BY HANNAH CRITES
Mary, Spouse of the Spirit household hosted a talk on the newly-Blessed Mother Maria Theresia Bonzel, the foundress of the Sisters of Saint Francis of Perpetual Adoration, on Feb. 9 in honor of her first feast day. Sister Benedicta Duna and Sister Ignatia Henneberry delivered the talk on their foundress.
“We are very proud of her and we are so grateful to be part of the community,” said Sr. Duna. “She is not relevant to us just as sisters, she is blessed and can now be welcomed by everyone in the church.”
Blessed Mother Bonzel was born in Olpe, Germany, on September 17, 1830 the feast day of Saint Francis’ stigmata.
When she was a young woman discerning her religious vocation, she had a dream of Saint Francis of Assisi and Saint Therese of Avila arguing at her bedside about “who is going to get her.” Saint Francis won. However, she had a very strong devotion to St. Therese for the remainder of her life.
Mother Bonzel had a “great love for the family” and made sure that her sisters could go home to the death bed of family members, a privilege for religious men and women that was very rare at the time.
Mother Bonzel struggled with her health, even as a young woman, before entering the convent. She had a heart condition at the age of 18, as well as arthritis in her knees and hands. She was set to join a convent, but fell ill the day she was supposed to leave. Once she got better, Mother Bonzel received permission from her bishop to start the order, beginning with nine women.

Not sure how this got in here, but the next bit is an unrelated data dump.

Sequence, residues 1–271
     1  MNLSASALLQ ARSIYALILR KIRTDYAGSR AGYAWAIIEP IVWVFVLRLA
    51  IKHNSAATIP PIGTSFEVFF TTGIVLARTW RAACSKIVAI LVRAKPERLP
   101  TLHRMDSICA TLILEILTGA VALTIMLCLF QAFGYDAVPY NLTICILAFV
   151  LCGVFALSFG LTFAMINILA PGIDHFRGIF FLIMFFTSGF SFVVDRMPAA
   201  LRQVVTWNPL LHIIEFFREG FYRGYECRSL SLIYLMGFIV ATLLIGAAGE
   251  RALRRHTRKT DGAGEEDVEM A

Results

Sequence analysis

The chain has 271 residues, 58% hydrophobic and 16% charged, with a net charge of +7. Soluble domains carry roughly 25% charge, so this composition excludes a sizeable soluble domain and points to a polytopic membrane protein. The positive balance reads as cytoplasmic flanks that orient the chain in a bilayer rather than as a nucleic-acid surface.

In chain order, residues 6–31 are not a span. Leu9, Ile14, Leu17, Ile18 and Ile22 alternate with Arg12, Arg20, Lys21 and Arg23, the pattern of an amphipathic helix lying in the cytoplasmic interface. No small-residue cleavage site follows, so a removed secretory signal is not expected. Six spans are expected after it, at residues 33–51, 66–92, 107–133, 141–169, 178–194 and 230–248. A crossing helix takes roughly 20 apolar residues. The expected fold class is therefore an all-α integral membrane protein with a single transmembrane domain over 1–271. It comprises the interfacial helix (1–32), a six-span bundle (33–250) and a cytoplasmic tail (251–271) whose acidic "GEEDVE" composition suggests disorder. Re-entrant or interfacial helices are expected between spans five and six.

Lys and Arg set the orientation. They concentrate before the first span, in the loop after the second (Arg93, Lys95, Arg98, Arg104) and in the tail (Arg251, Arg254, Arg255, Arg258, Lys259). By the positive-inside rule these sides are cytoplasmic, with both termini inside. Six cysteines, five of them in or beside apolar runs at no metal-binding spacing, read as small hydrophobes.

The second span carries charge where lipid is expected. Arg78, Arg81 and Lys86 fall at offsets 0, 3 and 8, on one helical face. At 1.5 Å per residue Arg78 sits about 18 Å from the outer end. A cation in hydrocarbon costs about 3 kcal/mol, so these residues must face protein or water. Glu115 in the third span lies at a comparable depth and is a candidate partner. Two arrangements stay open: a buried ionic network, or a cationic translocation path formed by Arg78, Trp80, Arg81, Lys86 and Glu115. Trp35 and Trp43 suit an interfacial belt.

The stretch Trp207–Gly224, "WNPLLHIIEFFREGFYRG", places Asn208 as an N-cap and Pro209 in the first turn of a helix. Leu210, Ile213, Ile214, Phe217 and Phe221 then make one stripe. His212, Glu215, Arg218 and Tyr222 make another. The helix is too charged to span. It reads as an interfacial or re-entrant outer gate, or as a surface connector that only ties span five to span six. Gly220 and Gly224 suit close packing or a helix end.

She loved St. Joseph and prayed to him often, insuring that her sisters had a strong devotion to him as well. She had a very high respect for priests and bishops, and took extra care of the sick and orphaned children.
She fed the poor and never turned away anyone who needed to eat, even if it meant she and her sisters would go hungry to help them.
Her motto was, “Place all, all in the providence of God: He will bring order. And all as God wishes. He leads, I follow.”
She died on February 6, 1905, after falling ill with bronchitis. Her last words were, “patience, patience. My dear Savior, come soon.”
Her legacy lives on with sisters in Germany, the United States of America, the Philippines and Brazil. Her body was exhumed three times, moving from the Sister’s motherhouse, to St. Martin’s parish in her hometown of Olpe, where she was baptized, received her first communion and made her final vows.
The room in which she is buried doubles as an adoration chapel where she can pray along with visitors in front of “her beloved Jesus” in the Eucharist, praying and asking for her intersession.
Sr. Benedicta and Sr. Ignatia closed by sharing a prayer that she prayed hourly: “Teach me, oh my Jesus, to think and judge mildly and charitably, to speak little and wisely, to act justly and prudently, in order that my life may be pleasing to you, and that I may reach perfection in holiness. Amen.”
“She was not about words of wisdom, she was not about herself,” said Sr. Benedicta. “It was about Jesus in everything she did. She saw herself as only as a vessel to be used in other’s growth to holiness.”